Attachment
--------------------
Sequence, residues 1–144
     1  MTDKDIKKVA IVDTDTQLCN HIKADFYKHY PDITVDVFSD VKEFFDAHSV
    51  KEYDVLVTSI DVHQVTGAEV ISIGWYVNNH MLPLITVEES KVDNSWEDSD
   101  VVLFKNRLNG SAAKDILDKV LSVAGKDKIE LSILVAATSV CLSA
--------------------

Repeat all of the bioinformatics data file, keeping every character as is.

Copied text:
Sequence, residues 1–144
     1  MTDKDIKKVA IVDTDTQLCN HIKADFYKHY PDITVDVFSD VKEFFDAHSV
    51  KEYDVLVTSI DVHQVTGAEV ISIGWYVNNH MLPLITVEES KVDNSWEDSD
   101  VVLFKNRLNG SAAKDILDKV LSVAGKDKIE LSILVAATSV CLSA